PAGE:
The survey found that there is a marked difference between occupier groups in how they use inventory management. Over half (57%) of logistics service providers plan to use buffer stock by increasing inventories up to 30% to mitigate impacts from a long-term heightened risk of disruption. Meanwhile, only one third of manufacturers and retailers plan to use this strategy, instead, showing greater concern about adjusting inventory levels to an expected short-term decline in consumption.
“The net effect of these strategies on demand for logistics space is likely stable over the next six to nine months as one group of occupiers decreases, while another increases inventories,” Graham explains.
Demand should rise in line with increasing inventories from all occupier groups, as the macro-economic climate starts to improve and consumption gradually picks up during the second half of the year, Graham adds.
Supply under capacity
According to the survey, 44% of occupiers believe there is currently an undersupply of suitable space and 46% of respondents said that they are upgrading their warehouses to be more energy efficient.
“It’s possible that this perceived undersupply is due in part to lack of suitable quality of space; buildings that meet the latest sustainability standards,” explains Graham.
Furthermore, over half of respondents plan to optimise their supply chains through new warehouse locations, showing a preference for proximity to transport hubs such as ports and airports, and end markets. Since developable land is scarce in these locations that have been considered prime for decades, Graham says it’s likely that a large share of existing stock needs refurbishment to meet occupiers’ standards, especially if rents begin to climb.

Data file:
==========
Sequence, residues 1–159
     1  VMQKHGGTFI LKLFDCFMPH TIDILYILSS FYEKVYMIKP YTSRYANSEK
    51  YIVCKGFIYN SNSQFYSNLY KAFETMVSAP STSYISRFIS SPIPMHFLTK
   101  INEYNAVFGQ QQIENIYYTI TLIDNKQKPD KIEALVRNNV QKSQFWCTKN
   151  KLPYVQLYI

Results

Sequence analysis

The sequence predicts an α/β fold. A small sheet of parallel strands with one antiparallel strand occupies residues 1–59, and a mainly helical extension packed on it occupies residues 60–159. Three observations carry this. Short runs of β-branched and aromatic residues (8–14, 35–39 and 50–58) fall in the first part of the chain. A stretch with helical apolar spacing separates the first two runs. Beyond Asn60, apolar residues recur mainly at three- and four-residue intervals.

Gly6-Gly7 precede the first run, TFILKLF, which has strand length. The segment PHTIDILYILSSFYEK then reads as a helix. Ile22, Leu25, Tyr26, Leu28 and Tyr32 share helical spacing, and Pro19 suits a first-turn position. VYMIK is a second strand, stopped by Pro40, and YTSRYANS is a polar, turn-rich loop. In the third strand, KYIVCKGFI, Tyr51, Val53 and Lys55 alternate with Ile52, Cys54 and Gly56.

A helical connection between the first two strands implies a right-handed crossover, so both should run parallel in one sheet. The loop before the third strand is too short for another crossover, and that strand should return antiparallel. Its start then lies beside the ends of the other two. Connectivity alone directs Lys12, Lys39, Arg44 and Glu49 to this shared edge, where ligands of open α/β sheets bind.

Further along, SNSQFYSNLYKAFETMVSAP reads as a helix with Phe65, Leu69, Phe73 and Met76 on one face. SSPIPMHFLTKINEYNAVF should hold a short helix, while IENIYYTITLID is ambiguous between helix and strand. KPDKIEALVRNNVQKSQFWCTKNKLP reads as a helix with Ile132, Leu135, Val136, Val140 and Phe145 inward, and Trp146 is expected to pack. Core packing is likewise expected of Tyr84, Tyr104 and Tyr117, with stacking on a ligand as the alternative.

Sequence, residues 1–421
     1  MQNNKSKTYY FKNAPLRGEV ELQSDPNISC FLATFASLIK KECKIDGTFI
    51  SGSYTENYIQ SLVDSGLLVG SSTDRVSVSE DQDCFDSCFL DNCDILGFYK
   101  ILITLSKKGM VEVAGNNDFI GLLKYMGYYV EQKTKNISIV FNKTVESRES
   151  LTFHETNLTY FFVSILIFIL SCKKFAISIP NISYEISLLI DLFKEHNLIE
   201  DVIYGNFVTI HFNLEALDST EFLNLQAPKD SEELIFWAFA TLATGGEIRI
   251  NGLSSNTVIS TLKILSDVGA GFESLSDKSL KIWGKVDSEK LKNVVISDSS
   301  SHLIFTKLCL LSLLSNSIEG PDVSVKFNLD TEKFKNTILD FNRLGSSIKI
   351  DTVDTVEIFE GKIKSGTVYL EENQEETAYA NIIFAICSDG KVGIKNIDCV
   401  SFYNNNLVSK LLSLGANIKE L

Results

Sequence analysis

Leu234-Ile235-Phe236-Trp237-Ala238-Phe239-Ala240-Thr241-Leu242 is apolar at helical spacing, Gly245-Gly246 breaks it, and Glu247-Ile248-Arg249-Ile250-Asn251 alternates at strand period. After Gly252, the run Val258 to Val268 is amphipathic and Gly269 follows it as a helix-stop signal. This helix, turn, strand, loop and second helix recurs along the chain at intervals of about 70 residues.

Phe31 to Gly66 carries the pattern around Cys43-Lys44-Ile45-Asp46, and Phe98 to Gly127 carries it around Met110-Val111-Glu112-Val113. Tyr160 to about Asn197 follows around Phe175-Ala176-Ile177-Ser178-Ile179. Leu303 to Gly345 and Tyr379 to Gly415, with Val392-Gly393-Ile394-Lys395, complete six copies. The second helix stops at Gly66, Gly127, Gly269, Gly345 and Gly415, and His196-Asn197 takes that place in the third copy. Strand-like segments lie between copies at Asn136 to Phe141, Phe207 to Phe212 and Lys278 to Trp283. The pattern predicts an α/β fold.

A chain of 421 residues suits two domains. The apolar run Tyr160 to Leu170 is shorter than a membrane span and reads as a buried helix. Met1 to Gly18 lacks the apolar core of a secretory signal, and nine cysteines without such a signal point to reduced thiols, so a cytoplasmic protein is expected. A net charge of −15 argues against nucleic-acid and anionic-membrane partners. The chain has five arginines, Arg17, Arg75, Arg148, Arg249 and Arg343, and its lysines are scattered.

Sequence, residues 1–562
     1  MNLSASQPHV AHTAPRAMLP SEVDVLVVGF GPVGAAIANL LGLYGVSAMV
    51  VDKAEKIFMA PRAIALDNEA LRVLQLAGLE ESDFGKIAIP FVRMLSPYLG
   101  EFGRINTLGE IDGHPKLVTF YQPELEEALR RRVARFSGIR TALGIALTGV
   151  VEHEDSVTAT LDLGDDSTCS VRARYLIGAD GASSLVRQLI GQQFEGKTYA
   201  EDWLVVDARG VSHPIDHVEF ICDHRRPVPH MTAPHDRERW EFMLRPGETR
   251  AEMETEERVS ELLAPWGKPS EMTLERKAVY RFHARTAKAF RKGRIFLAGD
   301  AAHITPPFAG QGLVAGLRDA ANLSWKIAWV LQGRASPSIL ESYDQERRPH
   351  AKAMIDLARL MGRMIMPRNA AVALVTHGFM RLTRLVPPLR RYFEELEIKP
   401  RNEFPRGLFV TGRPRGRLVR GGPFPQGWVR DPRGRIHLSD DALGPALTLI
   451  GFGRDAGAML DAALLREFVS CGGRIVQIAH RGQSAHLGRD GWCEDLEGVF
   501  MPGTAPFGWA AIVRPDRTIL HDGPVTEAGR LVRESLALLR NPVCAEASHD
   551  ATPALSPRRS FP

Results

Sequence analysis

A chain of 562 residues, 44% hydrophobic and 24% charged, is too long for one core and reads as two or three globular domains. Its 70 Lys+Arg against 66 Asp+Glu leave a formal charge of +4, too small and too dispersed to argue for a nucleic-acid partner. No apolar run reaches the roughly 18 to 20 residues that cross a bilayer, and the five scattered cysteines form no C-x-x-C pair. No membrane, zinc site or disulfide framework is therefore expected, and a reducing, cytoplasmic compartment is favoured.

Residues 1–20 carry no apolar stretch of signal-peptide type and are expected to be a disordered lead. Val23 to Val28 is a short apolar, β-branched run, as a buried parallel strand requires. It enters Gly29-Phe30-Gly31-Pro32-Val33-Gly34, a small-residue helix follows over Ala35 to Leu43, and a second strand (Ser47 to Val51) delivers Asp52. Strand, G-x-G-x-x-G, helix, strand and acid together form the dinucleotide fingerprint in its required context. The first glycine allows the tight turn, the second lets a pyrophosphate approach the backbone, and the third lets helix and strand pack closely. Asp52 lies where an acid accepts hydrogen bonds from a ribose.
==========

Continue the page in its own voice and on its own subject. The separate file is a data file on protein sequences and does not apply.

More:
Supply constraints are a double-edged sword, she adds.
“While limited supply puts upward pressure on rents, lack of suitable space holds the market back – and that makes it difficult for occupiers to use real estate to implement strategies and create necessary efficiencies, and therefore, accept higher rents.”
Over half of respondents (51.1%) said they need to make last mile deliveries – which JLL estimates account for more than 50% of total supply chain costs – more efficient. But in urban areas, a lack of space for new build continues to drive up rents for the only option: retrofitted buildings.
More broadly, the imbalance between supply and demand has seen prime distribution warehouse rental growth accelerate; JLL’s European logistics rental index rose by 15.9% YoY at the end of 2022, the highest growth rate since the early 1990s.
In the short term, demand should remain stable as occupiers work out their different inventory management strategies, Graham concludes.
“If the macro-economic backdrop starts to improve during the second half of 2023 and all occupier groups align on starting to increase their inventories, demand could then actually start to accelerate.”
Contattaci Lisa GrahamDirector, EMEA Industrial & Logistics Research & Strategy